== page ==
The regulatory wheels of acquisition approvals don’t always move quickly in the U.S.; just ask Broadcom. Back in November 2016, Broadcom announced its intention to acquire Brocade in a deal valued at $5.9 billion.
On July 3, the U.S. Federal Trade Commission (FTC) announced its provisional approval of the Broadcom-Brocade acquisition, with a consent order. The order stipulated that Broadcom agrees to restrictions on access to competitively sensitive information of its customer Cisco Systems, which competes with Brocade.
“Brocade and Cisco are the only two competitors in the worldwide market for fibre channel switches, and Broadcom supplies both companies with ASICs to make fibre channel switches,” the FTC stated. “The proposed consent order, prevents Broadcom from using Cisco’s competitively sensitive confidential information for any purpose other than the design, manufacturing and sale of fibre channel ASICs for Cisco. “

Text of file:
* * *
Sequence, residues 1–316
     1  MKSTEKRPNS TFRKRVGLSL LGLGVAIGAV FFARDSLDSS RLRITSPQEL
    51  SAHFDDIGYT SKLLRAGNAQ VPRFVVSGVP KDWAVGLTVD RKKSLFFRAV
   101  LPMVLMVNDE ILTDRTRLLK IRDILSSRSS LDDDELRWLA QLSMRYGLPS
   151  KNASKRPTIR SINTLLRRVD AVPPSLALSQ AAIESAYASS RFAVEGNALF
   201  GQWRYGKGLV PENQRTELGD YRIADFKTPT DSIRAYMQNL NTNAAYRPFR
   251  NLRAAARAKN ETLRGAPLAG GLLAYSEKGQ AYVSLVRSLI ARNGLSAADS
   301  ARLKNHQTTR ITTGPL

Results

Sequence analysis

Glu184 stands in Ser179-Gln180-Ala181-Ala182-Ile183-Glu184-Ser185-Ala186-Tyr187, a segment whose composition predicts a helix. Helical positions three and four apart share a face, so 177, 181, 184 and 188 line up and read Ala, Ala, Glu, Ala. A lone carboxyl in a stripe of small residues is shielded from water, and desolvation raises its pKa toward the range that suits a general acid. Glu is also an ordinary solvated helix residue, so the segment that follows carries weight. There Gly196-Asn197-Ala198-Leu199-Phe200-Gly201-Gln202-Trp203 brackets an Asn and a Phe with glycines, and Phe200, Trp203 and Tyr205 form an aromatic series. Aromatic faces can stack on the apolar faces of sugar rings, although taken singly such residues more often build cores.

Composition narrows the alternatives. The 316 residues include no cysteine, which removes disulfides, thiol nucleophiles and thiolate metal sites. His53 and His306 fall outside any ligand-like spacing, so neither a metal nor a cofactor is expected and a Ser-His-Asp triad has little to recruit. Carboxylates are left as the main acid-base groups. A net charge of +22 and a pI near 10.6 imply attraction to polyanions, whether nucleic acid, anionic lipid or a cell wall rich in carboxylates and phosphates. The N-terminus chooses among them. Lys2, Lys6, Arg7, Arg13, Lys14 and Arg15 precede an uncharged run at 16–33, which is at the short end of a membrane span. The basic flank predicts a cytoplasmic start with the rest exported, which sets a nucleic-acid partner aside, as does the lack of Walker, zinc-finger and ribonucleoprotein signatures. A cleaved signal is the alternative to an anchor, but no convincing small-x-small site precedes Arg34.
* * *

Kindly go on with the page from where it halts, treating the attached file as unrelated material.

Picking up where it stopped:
Brocade also develops IP networking equipment which is competitive with multiple Broadcom customers as well. With the IP networking segment, Broadcom has already publicly stated that it wants to sell off those assets, which is a process that is already underway.
In February, Brocade announced its intention to sell its Ruckus Wireless and ICX product lines to ARRIS in a deal valued at $800 million.
In June, Brocade announced the intended sale of its virtual Application Delivery Controller (vADC) business to Pulse Secure for an undisclosed amount. Brocade had originally acquired the vADC technology from Riverbed Technology in February 2015, where it was known as SteelApp after being rebranded in 2014 from the original name Stingray.
Brocade also announced its intention to sell its Vyatta Software Defined Networking (SDN) business to AT&T in June. Brocade had originally acquired Vyatta in 2012.
Sean Michael Kerner is a senior editor at EnterpriseNetworkingPlanet and InternetNews.com. Follow him on Twitter @TechJournalist.